Six signup form techniques to convert more customers

Forms are boring. I get it. They suck to design and they suck even more to fill out. No one thinks about forms more than they have to.

Forms are boring. I get it. They suck to design and they suck even more to fill out. No one thinks about forms more than they have to.

But if you’re designing a SaaS product, online store, or subscription service, getting more customers is probably your number one concern. For someone to become a customer, they first have to go through your signup form. And your signup form could be the thing keeping potential paying customers from ever giving your product an honest try.

The impact of signup forms in cold, hard data

If you do some digging, you’ll find story after story of companies fixing their signup forms and seeing huge results.

Stories like how Expedia removed one form field and increased their yearly revenue by $12 million.

Or how Phone Burner increased their paying customers by 77% by tweaking their signup form.

But the most infamous story (and my personal favorite) of a signup form impacting revenue is the story of Best Buy and how fixing their signup process made the company an extra $300m a year.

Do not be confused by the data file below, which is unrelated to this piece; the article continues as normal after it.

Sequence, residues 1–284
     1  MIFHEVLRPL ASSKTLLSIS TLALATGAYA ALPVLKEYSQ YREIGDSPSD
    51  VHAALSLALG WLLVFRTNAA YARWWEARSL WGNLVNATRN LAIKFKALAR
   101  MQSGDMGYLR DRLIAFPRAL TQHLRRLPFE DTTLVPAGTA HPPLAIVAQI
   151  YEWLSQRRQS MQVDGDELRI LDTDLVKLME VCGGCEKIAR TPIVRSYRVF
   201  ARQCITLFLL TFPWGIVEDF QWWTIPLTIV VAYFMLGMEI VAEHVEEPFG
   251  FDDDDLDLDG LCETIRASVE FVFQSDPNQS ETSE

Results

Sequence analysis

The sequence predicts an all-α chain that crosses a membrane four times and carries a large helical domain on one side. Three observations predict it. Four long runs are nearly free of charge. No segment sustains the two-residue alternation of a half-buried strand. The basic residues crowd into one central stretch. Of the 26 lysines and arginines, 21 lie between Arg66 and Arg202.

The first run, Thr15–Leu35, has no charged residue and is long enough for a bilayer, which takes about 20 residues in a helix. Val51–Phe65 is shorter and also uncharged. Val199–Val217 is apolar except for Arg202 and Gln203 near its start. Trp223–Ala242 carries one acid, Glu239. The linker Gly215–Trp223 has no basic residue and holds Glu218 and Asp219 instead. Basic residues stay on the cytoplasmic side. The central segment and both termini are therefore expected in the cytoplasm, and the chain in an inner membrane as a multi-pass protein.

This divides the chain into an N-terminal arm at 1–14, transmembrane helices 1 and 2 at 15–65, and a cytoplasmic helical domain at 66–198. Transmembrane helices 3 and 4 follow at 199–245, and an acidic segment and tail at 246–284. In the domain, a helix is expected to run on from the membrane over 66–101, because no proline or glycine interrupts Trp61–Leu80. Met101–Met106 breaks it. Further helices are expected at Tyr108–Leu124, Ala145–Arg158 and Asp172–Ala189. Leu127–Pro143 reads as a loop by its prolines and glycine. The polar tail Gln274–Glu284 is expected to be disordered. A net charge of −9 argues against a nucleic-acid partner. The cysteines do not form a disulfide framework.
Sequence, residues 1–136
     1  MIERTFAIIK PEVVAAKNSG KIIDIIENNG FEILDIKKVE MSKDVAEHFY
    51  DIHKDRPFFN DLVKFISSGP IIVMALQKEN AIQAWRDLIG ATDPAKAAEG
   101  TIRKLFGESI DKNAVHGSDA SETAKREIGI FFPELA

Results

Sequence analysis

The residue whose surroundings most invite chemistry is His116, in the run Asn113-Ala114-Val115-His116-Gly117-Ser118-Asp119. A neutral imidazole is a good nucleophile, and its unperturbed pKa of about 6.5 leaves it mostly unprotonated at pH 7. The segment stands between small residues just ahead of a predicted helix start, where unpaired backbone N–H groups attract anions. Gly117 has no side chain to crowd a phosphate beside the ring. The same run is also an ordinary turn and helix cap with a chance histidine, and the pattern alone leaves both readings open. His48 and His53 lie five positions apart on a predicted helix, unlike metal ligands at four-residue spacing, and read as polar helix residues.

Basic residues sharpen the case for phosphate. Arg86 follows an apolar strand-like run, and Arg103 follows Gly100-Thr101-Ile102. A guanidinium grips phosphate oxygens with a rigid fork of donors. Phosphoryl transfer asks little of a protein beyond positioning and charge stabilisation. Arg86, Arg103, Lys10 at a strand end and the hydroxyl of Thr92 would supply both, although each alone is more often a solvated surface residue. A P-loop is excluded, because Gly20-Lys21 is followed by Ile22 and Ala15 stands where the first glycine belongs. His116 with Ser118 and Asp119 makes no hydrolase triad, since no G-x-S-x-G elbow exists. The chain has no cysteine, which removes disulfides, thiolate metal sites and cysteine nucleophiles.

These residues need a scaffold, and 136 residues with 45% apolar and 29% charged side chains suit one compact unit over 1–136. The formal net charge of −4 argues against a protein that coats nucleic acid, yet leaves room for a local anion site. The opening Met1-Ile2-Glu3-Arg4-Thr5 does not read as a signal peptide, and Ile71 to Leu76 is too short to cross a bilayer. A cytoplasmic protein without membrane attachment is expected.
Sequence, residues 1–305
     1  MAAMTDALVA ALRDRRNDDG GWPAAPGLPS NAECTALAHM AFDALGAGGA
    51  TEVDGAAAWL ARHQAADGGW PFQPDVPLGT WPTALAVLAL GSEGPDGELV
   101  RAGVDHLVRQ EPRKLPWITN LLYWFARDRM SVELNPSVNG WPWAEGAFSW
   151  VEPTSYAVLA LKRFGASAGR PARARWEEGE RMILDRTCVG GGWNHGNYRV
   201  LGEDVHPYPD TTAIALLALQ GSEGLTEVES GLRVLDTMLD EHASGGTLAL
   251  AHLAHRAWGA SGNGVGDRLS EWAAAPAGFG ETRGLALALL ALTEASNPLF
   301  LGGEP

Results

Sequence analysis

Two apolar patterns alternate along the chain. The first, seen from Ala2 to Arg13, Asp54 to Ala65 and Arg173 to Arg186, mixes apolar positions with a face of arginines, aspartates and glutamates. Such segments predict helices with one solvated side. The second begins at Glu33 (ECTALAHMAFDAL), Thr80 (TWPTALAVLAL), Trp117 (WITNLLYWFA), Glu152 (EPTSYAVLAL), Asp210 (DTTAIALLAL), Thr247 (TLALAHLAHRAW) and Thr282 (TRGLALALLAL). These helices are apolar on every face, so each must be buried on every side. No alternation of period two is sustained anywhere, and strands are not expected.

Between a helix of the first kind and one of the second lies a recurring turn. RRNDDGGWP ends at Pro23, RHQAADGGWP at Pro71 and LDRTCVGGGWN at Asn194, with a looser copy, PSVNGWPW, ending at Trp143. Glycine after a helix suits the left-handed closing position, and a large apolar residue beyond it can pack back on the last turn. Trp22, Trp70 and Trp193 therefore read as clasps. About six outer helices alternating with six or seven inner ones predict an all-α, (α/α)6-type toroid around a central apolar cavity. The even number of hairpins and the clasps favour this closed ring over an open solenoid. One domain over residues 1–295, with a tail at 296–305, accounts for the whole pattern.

Best Buy’s $300 million button

Back in the day, Best Buy was trying to fix their abandonment rate on their checkout process. They hired Jared Spool and his team to figure out the problem and design a new solution.

They found the problem was one particular page.

So picture it: you’re casually shopping on and you decide to buy a cool new phone case. You add it to your cart and click “Check out”. Rather than taking you to the checkout process, it says you have to create an account. In order to do that, you have to fill out a form with a ton of personal information. That’s before you can even start the checkout process, which is even more forms and more personal information you have to fork over.

Yeah, no thanks. I don’t want a phone case that bad.

The design team saw the problem and decided to allow users to complete the checkout process without creating an account. They added one button to the page to allow users to skip the registration process and go straight to the checkout.

The result? A 45% increase in checkouts. For Best Buy, that translated to an extra $300 million in revenue the first year alone.

The psychological resistance

What’s going on with the above examples? How does adding one button translate to $300 million in revenue?

It comes down to psychology.

There’s two factors at play when it comes to a potential customer signing up for your product:

As much as you love your own product, to users, signing up feels like a risk. A risk to their time, to their energy, to their productivity, and maybe to their wallet. Even if you have a money back guarantee, they still have to invest time and mental energy to get that money back. People want to feel confident that using your product will help them and they won’t have to try out another solution a week from now.